The problem of Revolution in Science

Scientific Revolution is a both a popular and theoretical field of interest in the epistemological domain of Science. Right from Copernicus to Galileo, Bacon, Newton, Einstein, Feynman, and others have iconic status in our society because of the epistemic breaks they were able to bring with their work. However, the discourse on revolution is not as simplistic as it is made to be, in the popular media.  Just looking at the above listed names tells us something about the euro-centric bias of this idea. I would have loved to add Aryabhatta, Nilakantha and JC Bose to the list but it would be heavily contested whether these people led to any scientific ‘revolution’ as such. And I would not contest these claims as the idea of revolution itself has emerged in a western context which may be of little interest for the non-western society.

The final discussion on the day one of science conference at Manipal encouraged some interesting discussions on the interaction of science with civilizations, religions and cultures which led to the birth of modern science. Lesley problematized the idea of revolution and specifically the revolution of modern science in the sixteenth and seventeenth century. It is argued that there have been gradual changes over centuries and it is not very accurate to pin point one shift as revolution and prioritize it over other shifts. However, it is still argued that there has been a recognizable rupture which led to the birth of modern science. So now the question arise why this rupture and growth of scientific knowledge happened only in the west and not in other societies. Arun argues that the birth of modern science in the West hasn’t been an activity in isolation but instead it has come due to its constant interaction with Indian, Arabic and Chinese ideas of science and mathematics. However, it still doesn’t explain why this circulation of ideas led to a scientific revolution in the west and not in non-west. Arun claims that it was due to the socio-economic-political situation during the fourteenth and fifteenth century when Arabs, Indians and Chinese were engaged in trade from which the Europeans were generally excluded because of their geographical position. This led to a great desire to produce navigation tools which could have happened only with the increase in knowledge production which eventually led to the birth of modern science.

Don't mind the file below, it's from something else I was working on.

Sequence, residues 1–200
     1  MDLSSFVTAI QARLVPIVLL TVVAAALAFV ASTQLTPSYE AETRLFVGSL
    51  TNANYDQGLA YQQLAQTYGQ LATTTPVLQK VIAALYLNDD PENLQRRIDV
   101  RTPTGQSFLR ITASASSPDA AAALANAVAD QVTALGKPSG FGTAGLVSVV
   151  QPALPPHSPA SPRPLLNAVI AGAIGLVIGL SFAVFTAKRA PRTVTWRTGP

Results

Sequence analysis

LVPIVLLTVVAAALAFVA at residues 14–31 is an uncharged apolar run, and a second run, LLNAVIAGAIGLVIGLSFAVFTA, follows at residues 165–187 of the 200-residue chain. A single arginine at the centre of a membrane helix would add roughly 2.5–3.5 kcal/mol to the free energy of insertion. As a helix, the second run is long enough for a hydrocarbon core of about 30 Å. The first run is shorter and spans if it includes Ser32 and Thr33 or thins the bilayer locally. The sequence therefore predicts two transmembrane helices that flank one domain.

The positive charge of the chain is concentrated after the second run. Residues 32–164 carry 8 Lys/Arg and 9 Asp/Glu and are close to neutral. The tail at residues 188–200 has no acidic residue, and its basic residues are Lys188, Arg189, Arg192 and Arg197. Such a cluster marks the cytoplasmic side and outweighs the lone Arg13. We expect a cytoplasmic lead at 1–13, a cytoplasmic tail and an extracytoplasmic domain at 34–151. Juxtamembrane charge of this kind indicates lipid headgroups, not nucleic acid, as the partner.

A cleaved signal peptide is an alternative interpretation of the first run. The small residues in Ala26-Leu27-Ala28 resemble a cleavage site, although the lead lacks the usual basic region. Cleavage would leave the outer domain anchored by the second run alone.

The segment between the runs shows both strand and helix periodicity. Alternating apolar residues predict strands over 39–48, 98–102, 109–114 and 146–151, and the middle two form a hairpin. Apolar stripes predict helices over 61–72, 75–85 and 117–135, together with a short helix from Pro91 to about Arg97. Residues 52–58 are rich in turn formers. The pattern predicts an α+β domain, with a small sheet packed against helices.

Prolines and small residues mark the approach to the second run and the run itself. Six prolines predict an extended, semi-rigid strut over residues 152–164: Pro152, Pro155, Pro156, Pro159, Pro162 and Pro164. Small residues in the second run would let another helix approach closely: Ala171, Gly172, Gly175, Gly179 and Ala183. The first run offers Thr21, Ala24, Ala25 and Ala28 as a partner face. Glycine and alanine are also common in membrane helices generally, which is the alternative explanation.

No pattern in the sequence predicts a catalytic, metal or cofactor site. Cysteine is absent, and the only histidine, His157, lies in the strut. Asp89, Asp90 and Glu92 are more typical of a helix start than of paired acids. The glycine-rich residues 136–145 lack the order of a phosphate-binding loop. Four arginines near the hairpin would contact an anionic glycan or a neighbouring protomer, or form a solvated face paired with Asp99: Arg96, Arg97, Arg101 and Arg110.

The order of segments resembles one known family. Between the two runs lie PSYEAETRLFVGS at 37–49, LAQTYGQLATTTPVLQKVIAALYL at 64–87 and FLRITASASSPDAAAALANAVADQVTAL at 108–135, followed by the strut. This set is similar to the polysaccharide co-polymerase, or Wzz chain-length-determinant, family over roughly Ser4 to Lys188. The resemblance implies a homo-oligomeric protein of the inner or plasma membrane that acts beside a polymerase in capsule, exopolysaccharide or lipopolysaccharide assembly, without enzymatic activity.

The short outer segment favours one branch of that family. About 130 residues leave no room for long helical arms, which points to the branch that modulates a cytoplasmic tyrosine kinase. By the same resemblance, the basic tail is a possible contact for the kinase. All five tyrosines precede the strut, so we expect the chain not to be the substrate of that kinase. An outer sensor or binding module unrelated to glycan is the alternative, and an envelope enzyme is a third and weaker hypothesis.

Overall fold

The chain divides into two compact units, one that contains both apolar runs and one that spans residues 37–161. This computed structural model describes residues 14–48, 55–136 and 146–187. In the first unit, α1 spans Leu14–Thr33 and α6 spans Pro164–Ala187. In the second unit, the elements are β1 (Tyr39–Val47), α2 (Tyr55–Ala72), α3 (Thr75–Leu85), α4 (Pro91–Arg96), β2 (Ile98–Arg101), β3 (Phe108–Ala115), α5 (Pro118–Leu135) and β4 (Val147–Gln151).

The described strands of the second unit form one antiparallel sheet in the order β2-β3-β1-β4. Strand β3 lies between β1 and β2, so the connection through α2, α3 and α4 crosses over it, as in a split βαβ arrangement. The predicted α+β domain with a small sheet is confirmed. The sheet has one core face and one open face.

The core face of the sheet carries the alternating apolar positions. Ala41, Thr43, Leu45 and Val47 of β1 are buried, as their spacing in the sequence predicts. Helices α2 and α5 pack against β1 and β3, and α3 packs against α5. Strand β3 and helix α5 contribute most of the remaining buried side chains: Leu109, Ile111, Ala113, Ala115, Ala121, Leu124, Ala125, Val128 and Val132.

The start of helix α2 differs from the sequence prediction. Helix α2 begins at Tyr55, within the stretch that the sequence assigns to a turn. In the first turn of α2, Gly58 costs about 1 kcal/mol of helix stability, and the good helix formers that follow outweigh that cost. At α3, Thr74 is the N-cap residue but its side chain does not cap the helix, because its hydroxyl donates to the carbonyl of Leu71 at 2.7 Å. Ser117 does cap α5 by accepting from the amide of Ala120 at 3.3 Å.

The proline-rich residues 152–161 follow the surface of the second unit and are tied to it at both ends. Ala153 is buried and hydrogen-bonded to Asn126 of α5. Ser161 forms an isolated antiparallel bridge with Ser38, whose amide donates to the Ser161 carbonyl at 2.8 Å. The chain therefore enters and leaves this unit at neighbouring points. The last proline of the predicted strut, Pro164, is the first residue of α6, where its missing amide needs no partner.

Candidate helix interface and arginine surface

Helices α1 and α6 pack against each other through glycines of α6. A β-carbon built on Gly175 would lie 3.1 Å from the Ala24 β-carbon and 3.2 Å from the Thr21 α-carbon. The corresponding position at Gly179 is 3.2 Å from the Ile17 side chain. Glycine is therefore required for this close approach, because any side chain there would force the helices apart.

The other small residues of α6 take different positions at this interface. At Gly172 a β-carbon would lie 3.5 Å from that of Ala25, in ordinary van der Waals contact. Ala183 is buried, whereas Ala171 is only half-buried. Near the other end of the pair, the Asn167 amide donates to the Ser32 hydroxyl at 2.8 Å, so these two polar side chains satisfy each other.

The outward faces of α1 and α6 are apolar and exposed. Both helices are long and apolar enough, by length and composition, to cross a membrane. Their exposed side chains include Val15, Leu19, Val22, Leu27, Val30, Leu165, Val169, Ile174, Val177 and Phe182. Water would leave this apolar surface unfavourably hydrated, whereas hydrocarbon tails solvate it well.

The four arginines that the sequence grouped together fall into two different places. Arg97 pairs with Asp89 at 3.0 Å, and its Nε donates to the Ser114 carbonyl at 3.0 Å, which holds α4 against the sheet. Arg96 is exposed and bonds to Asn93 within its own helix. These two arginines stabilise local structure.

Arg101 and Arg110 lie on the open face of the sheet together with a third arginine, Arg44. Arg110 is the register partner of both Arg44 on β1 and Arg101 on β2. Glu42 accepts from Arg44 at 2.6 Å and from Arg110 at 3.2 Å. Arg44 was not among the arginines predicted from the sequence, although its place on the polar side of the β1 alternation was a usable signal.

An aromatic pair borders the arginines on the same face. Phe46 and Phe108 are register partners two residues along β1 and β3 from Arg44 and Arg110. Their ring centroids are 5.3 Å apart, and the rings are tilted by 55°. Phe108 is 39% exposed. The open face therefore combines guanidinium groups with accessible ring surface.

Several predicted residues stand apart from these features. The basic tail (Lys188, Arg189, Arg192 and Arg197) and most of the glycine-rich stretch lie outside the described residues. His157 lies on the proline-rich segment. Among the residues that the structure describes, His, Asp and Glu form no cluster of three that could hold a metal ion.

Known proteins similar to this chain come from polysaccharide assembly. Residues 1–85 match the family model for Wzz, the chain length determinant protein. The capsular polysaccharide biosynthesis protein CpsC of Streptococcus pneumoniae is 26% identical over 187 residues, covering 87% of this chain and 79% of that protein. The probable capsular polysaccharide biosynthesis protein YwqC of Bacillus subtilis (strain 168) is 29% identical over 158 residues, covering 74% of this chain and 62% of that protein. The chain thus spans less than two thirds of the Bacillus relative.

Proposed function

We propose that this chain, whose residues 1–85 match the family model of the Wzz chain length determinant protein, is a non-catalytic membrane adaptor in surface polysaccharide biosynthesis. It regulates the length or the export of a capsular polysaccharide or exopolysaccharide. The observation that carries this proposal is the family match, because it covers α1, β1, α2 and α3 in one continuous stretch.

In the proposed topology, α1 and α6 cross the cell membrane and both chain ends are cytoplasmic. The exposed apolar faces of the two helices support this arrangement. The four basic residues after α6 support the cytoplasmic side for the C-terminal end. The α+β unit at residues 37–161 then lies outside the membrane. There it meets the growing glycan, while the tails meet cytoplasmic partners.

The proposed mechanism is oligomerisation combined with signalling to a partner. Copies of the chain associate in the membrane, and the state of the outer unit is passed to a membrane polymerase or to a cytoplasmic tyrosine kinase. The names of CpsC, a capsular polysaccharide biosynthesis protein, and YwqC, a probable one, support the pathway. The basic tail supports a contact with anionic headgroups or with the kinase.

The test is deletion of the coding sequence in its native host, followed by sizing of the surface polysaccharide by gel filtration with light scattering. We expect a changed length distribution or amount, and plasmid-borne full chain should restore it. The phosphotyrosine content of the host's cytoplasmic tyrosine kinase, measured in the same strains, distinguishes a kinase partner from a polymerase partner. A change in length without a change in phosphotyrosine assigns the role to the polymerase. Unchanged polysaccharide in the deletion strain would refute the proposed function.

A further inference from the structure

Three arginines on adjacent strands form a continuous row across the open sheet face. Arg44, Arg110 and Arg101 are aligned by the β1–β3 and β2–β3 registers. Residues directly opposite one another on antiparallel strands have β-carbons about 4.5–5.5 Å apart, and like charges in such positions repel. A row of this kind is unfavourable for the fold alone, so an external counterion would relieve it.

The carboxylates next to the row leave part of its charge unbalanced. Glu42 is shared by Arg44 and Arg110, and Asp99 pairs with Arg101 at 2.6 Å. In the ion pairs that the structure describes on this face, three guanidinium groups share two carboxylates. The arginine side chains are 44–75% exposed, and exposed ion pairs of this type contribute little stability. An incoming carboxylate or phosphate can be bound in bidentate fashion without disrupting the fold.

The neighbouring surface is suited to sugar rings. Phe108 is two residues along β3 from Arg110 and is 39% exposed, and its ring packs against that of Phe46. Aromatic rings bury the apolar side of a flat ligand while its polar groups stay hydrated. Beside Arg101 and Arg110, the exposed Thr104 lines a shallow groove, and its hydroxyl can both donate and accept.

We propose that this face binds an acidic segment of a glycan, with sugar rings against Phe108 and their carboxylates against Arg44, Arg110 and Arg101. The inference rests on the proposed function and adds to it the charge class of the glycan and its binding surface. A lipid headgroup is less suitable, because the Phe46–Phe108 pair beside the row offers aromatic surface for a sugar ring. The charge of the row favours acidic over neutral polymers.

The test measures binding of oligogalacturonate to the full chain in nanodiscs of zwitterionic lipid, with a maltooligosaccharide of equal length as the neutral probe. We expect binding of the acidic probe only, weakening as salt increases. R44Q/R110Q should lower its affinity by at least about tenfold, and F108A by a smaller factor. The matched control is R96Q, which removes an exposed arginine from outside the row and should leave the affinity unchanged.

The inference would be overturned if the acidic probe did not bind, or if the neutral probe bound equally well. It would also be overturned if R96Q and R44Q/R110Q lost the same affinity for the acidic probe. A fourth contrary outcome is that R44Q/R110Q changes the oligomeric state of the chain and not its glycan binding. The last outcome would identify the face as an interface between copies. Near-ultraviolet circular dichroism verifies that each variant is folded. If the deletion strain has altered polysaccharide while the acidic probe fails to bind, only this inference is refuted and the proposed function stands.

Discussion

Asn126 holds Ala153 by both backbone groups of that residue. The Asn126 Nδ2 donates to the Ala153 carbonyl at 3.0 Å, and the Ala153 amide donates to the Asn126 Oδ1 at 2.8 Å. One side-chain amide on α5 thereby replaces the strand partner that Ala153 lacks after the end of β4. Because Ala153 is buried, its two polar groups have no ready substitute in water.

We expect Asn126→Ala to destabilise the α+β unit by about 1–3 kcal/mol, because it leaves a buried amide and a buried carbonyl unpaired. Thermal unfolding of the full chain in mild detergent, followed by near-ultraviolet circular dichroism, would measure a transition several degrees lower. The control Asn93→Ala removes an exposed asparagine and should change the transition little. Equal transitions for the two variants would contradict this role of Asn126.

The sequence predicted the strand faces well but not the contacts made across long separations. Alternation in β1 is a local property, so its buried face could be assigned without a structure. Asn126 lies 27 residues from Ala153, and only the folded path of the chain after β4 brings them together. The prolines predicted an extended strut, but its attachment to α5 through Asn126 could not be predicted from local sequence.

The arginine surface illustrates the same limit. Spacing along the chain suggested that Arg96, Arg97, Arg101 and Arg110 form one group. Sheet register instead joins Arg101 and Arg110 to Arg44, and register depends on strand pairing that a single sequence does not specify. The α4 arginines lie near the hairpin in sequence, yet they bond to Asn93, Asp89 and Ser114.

The above arguments does provide a compelling account of scientific revolution in the sixteenth and seventeenth century. However, the desire of find something ‘revolutionary’ is to be scrutinized closely. Is it not intriguing that the westerners who have always desired to find a revolution in these epistemic shifts found one. Whereas non-westerners who may not have been interested to find a ‘revolution’, of course didn’t find one. And now that west has tried to underscore the significance of revolution in science that there is a pressure on non-western societies to come up with their own claims of what can be called revolution and become part of the dominant epistemology. It looks similar to a case of two kids, one having a red ball and another green ball. The kid with the red ball teases the other kid that she doesn’t have a red ball which pushes the later to paint her ball red and show that she also has a red ball. So we can discuss whether it is right or wrong for the kid to paint her ball red and criticize or sympathize with her. Or the other thing that we can do is question the validity of the importance  given to the red ball in the first place. The kid with the green ball could have just replied to the other kid that its ok that you have a red ball and I have a green ball and there is no need to place the importance of one ball over another.

We can try to push for a similar argument in the case of revolution but the case is more problematic because of the power hierarchies developed over epistemological validity. This leads to a constant struggle and tension in the non-western society to come up with their claims of scientific knowledge in their own traditions. However, we may realize that this activity is as fruitless as the kid painting her green ball red. Moreover, the scientific paradigm has been the dominant episteme for mere four-five centuries which is minute compared to the entire history of humankind. It came due to the desire of understanding, controlling and manipulating nature. It is very much possible that a new desire in the human consciousness can lead to a new episteme which will replace the scientific paradigm in the way similar to how it replaced the earlier religious paradigm. And in this new paradigm, another civilization which may be Asian, African or South American can become the dominant one (like the contemporary Western one) and then they will replace the present struggle between the west and non-west with something new. Thus the debate over scientific revolution is various traditions can’t be as simply understood as we often try to do. The issue has to be understood in the context of power hierarchies and the inherent nature of knowledge creation.


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